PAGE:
ELLSWORTH, Maine — Wild Blueberries are considered a symbol of Maine. They have been harvested in the state for centuries.
During harvest season, 99% of the crop is frozen at the peak of freshness, within 24 hours after they're picked.
"A frozen wild blueberry is the freshest you can get. You're locking in all the nutrients, you're locking in the flavor, you're locking in those antioxidants," said Todd Merrill, President of Merrill Blueberry Farms in Ellsworth.
Maine winters give wild blueberries a high level of antioxidants and sweet taste. It's one of the most important stages of production.
"Winter is important, we want a lot of snow for wild blueberries," said Merrill.
The wild blueberry industry in Maine has been struggling for various reasons. At the top of that list: competition.
"The market is saturated for frozen fruit because there are so many high bush blueberry farms out there now," said Dr. Lily Calderwood, University of Maine's Wild Blueberry Specialist and Assistant Professor of Horticulture.
"There are big differences between cultivated and wild blueberries," said Merrill. "The other competition comes from Canada itself with wild blueberries."
Currently, a pound of wild blueberries from Canada can be sold cheaper in Maine than our local wild blueberries.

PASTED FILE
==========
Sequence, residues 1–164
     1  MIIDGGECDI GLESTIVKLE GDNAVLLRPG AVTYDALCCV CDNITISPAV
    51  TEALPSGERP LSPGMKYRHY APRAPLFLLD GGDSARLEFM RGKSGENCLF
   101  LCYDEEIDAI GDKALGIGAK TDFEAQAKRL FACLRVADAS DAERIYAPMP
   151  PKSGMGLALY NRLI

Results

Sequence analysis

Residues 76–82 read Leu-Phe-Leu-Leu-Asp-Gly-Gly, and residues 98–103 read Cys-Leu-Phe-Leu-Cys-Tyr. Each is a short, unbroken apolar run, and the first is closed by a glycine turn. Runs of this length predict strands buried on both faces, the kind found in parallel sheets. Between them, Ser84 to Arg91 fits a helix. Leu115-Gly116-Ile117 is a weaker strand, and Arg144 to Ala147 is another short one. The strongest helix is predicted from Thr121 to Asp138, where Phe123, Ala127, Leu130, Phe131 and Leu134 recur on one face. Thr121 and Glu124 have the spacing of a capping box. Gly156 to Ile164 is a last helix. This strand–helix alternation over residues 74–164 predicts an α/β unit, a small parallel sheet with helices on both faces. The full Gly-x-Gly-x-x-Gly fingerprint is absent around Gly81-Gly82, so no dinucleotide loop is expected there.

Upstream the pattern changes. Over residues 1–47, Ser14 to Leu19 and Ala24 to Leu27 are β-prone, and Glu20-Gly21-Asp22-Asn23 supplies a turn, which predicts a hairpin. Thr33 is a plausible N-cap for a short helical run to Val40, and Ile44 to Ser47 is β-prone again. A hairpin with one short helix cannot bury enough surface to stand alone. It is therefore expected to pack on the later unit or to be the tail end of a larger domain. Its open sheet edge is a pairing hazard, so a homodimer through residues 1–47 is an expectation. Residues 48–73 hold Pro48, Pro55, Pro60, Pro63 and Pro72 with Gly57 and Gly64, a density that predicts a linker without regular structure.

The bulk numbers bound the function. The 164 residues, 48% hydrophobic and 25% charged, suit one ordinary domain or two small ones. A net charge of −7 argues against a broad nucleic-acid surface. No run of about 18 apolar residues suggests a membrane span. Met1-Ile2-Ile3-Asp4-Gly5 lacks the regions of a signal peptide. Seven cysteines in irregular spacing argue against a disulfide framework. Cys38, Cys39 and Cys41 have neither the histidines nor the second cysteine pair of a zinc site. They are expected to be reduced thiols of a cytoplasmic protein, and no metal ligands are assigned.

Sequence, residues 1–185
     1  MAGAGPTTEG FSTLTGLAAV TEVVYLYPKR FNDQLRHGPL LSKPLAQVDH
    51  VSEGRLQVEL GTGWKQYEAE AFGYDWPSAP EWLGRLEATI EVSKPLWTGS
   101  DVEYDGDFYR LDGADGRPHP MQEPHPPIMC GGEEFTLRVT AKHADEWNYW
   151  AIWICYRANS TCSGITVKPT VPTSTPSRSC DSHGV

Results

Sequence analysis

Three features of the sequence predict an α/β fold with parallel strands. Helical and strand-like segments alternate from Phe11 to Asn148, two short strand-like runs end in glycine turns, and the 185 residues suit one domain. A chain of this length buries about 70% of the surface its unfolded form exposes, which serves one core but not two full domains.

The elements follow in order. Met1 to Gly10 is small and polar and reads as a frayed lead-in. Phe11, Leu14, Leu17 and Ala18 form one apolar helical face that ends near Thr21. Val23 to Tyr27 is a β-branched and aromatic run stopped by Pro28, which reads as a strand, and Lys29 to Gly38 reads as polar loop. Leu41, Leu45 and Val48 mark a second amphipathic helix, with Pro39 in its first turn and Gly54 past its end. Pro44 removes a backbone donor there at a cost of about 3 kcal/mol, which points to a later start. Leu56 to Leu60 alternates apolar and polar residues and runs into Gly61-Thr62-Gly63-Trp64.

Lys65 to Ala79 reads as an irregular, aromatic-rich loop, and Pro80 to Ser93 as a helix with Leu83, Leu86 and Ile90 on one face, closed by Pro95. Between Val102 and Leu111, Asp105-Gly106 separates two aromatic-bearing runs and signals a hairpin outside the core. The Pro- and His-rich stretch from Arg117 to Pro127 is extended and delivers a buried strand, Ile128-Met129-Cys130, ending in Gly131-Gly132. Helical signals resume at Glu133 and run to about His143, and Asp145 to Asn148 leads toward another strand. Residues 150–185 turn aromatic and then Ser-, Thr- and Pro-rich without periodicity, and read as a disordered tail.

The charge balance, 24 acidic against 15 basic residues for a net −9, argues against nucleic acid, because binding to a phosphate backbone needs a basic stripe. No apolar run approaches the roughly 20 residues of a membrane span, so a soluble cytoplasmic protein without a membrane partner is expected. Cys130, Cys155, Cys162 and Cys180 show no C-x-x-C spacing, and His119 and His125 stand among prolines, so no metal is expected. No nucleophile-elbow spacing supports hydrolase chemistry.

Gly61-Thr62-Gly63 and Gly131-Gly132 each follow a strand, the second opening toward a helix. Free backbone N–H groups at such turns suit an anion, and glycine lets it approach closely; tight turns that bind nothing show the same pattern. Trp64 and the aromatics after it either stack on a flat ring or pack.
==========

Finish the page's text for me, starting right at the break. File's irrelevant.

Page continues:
Merrill says it's because various manufacturing costs, like minimum wage, have been rising in Maine.
"It's harder for wild blueberry farmers to stay in business when your costs are rising but you are not getting as much for the product that you are producing," said Merrill.
On Saturday in Bangor, the University of Maine hosted a wild blueberry conference. Farmers and researchers discussed the challenges the Maine wild blueberry industry is facing.
"To have this interaction where farmers can talk to other farmers and talk to stakeholders to really strengthening the industry," said Dr. Calderwood.
The Wild Blueberry Association of North America thinks one solution to the industry's challenges is encouraging people to eat more blueberries, especially during breakfast.
A new promotional campaign by the Wild Blueberry Association of North America encourages parents to add wild blueberries to their kids' breakfast plates.
The hope is that introducing kids to the berry at an early age will get kids into the habit of eating and adding wild blueberries to their diet.
"Some of the greatest research that's been done particularly in kids was found that if you feed school-aged children a wild blueberry drink say a smoothie, with wild blueberries in it every day, you're going to find much better concentration, focus, attention, it changes their mood. It helps their memory and it helps their retention of facts," said Merrill.
The campaign focuses on the health benefits of the wild blueberry and how it's linked with improving vascular function, heart and brain health, lowering blood pressure and enhancing memory.
And it's not just kids who researchers say benefit from wild blueberries.
"We have millennials coming into the market place now and millennials now take up the majority of the buying population," said Dr. Calderwood.